Take a Look Inside the Asian and Island-Inspired Urban Heights

Tropical cocktails, a Tuna Bar, and plenty of outdoor space from chef Robert Wiedmaier.

Take a Look Inside the Asian and Island-Inspired Urban Heights
Urban Heights opens in Bethesda with Asian fare, island-style cocktails and plenty of outdoor space. Photography by Andrew Propp.

The biggest outdoor dining and drinking space in Bethesda opens Thursday, just in time for summer. Urban Heights, the first Asian restaurant from chef Robert Wiedmaier, debuts in the former Roof Bethesda space. The launch comes on the heels of Villain & Saint, Wiedmaier’s live music venue that served its first meal last week. While the latter brings ribs and rock n’ roll to the scene, Urban Heights mixes Japanese, Chinese, and Filipino influences over two floors, outfitted with a spacious patio and roof deck.

Guests access the window-walled dining room via a bamboo-lined elevator.

Filipino spring rolls, adobo sliders

Chef Cliff Wharton helms the kitchen, and creates dishes influenced by his Filipino family and years as chef de cuisine at TenPenh. Small plates in the $4 to $9 range make up a large portion of the lunch and dinner menus, with classics from the Philippines like crispy lumpia spring rolls alongside less traditional items such as chicken adobo sliders (“My mom would probably cringe at that,” Wharton says of his riff). Guests don’t have to graze, with entrees such as pork belly bánh mì sandwiches at lunch, and whole crispy fish with cucumber salad and tamarind dipping sauce in the evening.

Chef Cliff Wharton makes dishes inspired by his Filipino family, like these chicken adobo sliders.

Tastes from a Tuna Bar

Some restaurants have a raw bar. Urban Heights claims its own version devoted to Wagyu of the Sea. A slab of sushi-grade tuna on ice greets guests at the front of the restaurant, ready to be diced into Hawaiian-style poke, sliced for sashimi with jalapeño-citrus vinaigrette, and wrapped with nori for a crunch tempura-like roll.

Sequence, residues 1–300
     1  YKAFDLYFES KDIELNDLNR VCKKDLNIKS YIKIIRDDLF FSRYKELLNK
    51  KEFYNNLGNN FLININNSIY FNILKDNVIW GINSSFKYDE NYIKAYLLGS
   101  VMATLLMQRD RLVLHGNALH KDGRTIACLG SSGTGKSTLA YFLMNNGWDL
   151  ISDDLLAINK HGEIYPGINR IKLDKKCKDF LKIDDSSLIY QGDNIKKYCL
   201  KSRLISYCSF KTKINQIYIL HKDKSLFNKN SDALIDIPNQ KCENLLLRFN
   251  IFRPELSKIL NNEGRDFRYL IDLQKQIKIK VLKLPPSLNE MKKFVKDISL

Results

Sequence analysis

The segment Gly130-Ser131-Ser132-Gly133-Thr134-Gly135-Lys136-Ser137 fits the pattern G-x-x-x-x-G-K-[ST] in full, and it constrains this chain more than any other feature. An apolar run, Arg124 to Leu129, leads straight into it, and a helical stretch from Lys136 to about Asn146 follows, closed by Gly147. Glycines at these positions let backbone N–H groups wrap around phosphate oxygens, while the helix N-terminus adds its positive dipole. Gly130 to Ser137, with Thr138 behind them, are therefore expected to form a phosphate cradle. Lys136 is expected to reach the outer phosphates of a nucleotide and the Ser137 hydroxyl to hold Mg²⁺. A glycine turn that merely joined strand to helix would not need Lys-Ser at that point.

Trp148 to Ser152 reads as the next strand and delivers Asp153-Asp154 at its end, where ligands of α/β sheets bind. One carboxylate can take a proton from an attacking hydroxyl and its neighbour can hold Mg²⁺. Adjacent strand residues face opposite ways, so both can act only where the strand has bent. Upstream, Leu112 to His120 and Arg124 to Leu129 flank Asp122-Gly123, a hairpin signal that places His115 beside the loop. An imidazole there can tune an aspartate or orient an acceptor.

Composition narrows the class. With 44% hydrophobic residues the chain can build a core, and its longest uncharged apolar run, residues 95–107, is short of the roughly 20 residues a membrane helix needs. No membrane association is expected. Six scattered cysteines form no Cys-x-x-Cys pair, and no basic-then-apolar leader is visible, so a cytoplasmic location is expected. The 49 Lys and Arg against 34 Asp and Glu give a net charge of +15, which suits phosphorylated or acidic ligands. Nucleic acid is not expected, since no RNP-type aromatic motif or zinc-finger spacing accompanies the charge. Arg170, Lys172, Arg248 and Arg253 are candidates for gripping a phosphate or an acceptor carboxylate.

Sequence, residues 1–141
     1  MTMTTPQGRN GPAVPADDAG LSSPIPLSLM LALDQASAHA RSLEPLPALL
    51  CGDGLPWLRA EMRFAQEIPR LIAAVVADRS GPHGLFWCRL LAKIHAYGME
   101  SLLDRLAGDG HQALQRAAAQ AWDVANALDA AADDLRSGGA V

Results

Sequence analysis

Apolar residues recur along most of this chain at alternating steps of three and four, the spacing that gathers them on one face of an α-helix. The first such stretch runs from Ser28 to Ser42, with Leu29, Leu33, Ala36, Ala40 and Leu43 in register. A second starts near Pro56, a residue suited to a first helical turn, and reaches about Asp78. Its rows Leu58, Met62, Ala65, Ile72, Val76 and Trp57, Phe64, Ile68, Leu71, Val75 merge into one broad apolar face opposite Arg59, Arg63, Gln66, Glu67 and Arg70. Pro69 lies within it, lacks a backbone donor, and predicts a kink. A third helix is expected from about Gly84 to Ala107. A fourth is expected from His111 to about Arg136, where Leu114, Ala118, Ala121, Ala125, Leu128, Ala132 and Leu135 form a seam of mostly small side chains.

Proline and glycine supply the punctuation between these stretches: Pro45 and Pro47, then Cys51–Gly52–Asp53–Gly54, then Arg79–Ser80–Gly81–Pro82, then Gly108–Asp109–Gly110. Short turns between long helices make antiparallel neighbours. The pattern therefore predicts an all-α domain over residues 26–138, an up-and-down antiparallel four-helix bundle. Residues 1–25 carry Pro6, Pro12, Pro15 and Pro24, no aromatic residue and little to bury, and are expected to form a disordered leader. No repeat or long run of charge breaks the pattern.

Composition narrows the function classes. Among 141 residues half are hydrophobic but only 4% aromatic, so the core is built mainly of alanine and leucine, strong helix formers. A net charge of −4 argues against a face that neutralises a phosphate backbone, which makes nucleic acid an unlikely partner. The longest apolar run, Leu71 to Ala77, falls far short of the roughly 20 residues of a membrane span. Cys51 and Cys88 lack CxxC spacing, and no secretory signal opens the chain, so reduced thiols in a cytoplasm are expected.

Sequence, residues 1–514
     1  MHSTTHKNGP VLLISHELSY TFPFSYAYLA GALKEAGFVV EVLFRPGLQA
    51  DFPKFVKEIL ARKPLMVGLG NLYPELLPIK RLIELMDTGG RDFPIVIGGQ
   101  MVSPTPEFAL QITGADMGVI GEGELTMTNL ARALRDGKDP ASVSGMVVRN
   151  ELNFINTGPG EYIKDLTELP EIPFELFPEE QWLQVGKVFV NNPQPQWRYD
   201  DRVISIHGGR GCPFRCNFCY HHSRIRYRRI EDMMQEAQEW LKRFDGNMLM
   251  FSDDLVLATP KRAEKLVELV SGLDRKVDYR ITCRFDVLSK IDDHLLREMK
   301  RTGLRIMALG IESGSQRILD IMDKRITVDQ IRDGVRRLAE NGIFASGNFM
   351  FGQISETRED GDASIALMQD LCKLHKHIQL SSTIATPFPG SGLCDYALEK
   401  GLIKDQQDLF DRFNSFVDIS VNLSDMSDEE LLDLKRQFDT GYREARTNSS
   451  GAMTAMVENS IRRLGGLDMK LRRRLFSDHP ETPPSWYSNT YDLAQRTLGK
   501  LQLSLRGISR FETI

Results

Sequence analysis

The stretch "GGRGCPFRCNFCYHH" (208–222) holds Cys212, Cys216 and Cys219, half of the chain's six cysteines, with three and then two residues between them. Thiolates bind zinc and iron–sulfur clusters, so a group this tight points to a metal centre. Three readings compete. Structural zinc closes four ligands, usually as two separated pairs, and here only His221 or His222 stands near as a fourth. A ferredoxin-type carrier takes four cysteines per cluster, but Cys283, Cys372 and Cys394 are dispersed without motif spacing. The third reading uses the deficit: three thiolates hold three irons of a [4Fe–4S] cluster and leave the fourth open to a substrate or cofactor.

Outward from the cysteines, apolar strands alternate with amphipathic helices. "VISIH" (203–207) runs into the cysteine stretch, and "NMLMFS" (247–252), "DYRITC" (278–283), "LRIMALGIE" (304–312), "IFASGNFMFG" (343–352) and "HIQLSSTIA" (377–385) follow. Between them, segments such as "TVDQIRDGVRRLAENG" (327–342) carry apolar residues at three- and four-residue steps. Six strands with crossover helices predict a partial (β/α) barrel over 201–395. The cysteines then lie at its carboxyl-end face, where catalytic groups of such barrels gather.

Cocktails take inspiration from the islands, like the sake-spiked Rising Sun (left) with lychee liqueur and diced pineapple, or the gin Szechuan sour (right).

Sake punch in the sunshine

The restaurant goes for a transporting island affect, starting with the entrance; guests access the eatery through a bamboo-lined elevator. Two outdoor areas make ideal spots for sipping in the sunshine: an entry-level dining patio set for 40, and a slightly larger roof deck above. Drinkers can pick between Asian draft beers and tropical cocktails like a sake-spiked rum punch or kumquat mojito.

Chef Cliff Wharton (right) with general manager Garth Hamilton; the roof deck bar.

Rooftop pig roasts, Asian-style brunch

Wharton plans to roll out brunch in a few weeks, with dishes like a crab cake Benedict with chili hollandaise. Once summer hits, the rooftop will be the place for Filipino-style pig roasts. In the meantime, head up for happy hour between 3 and 7.

Urban Heights. 7940 Norfolk Ave., Bethesda. Open for lunch, Monday through Friday, 11:30 to 2:30; Dinner, Sunday through Thursday, 5 to 10, Friday and Saturday 5 to 11. Roof deck open Monday through Sunday, 3 to close. Brunch (coming soon), Saturday and Sunday, 11 to 2:30.

Crispy lumpia spring rolls, a traditional Filipino dish.
Bulgogi-style steak salad with chili-lime dressing (right), served outdoors or in the dining room.
Food Editor

Anna Spiegel covers the dining and drinking scene in her native DC. Prior to joining Washingtonian in 2010, she attended the French Culinary Institute and Columbia University’s MFA program in New York, and held various cooking and writing positions in NYC and in St. John, US Virgin Islands.